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Os navicularis syndrome vs Post Tib tendon dysfunction

Discussion in 'Pediatrics' started by Bug, May 18, 2005.

  1. Bug

    Bug Well-Known Member


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    Can anyone give me a DD for these.

    Have an 11 year old with Os nav present, unilateral pronation, is able to single leg raise....just and heel does invert. Is pain on palo the nav and PT insertions.

    What is the difference between these 2?

    Have so far been immolibising where possible, have orthoses with padding arround the nav area with a horseshoe, using NSAIDs and just referred to physio for managment of the PT stregthen etc.

    Anything else??? :confused:
     
  2. admin

    admin Administrator Staff Member

    Does the post tib tendon stay behind the medial maleolus or come out?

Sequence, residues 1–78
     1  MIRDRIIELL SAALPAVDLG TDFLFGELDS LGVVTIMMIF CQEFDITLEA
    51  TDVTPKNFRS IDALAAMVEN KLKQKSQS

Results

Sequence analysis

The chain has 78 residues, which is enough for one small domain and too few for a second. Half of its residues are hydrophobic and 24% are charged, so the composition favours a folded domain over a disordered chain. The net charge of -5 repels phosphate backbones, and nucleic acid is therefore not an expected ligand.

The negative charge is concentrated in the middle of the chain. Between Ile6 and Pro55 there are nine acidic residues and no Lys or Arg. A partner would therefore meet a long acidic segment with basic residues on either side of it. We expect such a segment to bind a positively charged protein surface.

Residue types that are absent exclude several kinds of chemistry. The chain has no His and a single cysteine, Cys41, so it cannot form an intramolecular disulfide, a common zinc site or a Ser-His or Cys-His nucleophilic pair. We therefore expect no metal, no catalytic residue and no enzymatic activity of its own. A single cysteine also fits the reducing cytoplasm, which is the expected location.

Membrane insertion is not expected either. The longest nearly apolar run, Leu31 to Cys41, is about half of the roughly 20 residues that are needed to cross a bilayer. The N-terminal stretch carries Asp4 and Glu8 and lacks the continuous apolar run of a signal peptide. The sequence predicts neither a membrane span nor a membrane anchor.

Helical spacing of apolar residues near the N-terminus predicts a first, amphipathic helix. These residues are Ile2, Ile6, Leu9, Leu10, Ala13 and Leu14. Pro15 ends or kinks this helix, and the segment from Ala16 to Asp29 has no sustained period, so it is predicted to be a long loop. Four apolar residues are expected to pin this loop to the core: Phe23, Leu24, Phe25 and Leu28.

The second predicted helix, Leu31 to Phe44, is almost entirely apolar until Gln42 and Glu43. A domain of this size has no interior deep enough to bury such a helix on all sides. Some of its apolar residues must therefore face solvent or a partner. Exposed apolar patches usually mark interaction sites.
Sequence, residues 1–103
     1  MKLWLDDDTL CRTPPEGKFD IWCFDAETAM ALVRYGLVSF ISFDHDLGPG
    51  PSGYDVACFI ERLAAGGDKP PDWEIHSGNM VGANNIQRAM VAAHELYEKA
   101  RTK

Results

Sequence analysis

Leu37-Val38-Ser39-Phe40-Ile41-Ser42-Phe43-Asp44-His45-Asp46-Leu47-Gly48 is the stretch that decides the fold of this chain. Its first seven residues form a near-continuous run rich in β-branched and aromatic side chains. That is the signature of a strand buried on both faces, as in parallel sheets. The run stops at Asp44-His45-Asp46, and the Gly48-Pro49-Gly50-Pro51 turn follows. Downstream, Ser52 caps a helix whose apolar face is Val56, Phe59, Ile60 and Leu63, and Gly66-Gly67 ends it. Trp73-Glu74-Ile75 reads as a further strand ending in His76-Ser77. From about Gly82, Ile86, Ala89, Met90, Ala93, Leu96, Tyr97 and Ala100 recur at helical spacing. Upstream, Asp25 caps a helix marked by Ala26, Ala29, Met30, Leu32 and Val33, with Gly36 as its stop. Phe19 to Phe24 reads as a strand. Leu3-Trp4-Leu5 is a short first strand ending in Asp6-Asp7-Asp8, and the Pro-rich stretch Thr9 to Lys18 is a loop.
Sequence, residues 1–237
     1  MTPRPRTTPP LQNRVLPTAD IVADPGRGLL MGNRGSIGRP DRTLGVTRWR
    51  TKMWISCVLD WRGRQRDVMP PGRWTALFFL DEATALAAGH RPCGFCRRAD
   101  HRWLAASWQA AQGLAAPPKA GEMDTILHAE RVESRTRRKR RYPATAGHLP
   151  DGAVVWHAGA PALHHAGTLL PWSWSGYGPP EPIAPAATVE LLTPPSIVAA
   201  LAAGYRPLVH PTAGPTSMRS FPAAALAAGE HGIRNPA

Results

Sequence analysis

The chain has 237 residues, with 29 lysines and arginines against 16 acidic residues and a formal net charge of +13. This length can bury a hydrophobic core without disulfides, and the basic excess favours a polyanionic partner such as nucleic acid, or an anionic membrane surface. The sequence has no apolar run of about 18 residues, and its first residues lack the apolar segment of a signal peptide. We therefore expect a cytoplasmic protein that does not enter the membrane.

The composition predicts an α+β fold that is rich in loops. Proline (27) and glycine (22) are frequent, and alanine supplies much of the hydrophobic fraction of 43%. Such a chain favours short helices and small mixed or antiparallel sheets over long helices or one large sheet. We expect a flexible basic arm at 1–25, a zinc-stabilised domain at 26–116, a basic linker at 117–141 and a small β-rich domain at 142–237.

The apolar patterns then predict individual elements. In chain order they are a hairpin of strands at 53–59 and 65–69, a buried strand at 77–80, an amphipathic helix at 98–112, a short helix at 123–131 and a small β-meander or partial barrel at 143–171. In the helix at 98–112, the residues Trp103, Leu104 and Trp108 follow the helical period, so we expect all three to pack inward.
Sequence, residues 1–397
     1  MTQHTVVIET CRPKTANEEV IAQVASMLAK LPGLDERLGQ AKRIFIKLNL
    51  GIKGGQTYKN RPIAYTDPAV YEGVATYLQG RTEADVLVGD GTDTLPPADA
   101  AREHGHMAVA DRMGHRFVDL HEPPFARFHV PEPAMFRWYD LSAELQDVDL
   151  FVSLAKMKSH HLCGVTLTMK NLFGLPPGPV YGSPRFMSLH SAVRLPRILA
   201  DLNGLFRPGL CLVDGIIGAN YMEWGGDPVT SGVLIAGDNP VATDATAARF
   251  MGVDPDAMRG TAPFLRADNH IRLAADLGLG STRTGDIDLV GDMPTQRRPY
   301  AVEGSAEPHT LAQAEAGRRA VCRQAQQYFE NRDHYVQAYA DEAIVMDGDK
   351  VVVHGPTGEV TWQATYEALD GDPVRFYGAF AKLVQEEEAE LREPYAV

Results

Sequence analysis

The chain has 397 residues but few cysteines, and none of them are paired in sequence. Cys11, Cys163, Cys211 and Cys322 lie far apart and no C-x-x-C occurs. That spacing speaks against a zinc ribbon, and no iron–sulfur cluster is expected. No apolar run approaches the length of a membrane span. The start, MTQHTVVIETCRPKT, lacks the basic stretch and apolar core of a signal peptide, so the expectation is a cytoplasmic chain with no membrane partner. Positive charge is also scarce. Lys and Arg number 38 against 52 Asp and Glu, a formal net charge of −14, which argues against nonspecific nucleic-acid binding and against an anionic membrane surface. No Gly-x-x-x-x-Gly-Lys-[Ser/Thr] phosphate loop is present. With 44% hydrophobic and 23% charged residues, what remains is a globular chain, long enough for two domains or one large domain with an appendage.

3. Bug

    Bug Well-Known Member

    Stays behind but is prominent.....
     
  4. summer

    summer Active Member

    PT dysfuntion

    Several surgical approaches are considered when we see these patients who fail orthotic therapy. Subtalar arthroeresis is possible, and is viable in young children. They are reversable and have pretty good success with minimal invasivness. Couple this with a Kidner and possible TAL, and you should do well.
    IF the child is a bit on the larger side, and does partake in high contact activity, this may be ill advised.

    At that point, I would continue with conservative care, and after the epiphyseal plates have closed, consider the double calcaneal osteotomy consisting of calcaneal slide coupled with an Evans procedure, then add the Kidner and TAL. This is a permanent long term solution, but would reserve it until the child is nearly fully developed ontologically. Heel inversion on toe raise is an excellent sign. You might consider taking some Ischerwood x-ray views to see what the relationship of the calcaneus to the long axis of the tibia is.
     
  5. Craig Payne

    Craig Payne Moderator

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